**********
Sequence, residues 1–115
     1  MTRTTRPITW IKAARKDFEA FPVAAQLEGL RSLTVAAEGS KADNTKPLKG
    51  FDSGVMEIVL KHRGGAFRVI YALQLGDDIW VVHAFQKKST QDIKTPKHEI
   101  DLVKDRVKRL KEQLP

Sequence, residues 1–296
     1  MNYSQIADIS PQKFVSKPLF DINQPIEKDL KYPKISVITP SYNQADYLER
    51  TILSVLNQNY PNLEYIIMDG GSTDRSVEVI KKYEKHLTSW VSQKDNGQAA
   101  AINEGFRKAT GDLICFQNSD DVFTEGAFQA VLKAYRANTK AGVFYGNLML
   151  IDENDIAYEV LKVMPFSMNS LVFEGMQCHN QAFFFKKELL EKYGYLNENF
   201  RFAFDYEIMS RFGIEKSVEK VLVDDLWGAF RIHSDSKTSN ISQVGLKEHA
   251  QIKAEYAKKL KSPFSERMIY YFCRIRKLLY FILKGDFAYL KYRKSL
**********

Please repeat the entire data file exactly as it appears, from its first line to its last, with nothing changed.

Sequence, residues 1–115
     1  MTRTTRPITW IKAARKDFEA FPVAAQLEGL RSLTVAAEGS KADNTKPLKG
    51  FDSGVMEIVL KHRGGAFRVI YALQLGDDIW VVHAFQKKST QDIKTPKHEI
   101  DLVKDRVKRL KEQLP

Sequence, residues 1–296
     1  MNYSQIADIS PQKFVSKPLF DINQPIEKDL KYPKISVITP SYNQADYLER
    51  TILSVLNQNY PNLEYIIMDG GSTDRSVEVI KKYEKHLTSW VSQKDNGQAA
   101  AINEGFRKAT GDLICFQNSD DVFTEGAFQA VLKAYRANTK AGVFYGNLML
   151  IDENDIAYEV LKVMPFSMNS LVFEGMQCHN QAFFFKKELL EKYGYLNENF
   201  RFAFDYEIMS RFGIEKSVEK VLVDDLWGAF RIHSDSKTSN ISQVGLKEHA
   251  QIKAEYAKKL KSPFSERMIY YFCRIRKLLY FILKGDFAYL KYRKSL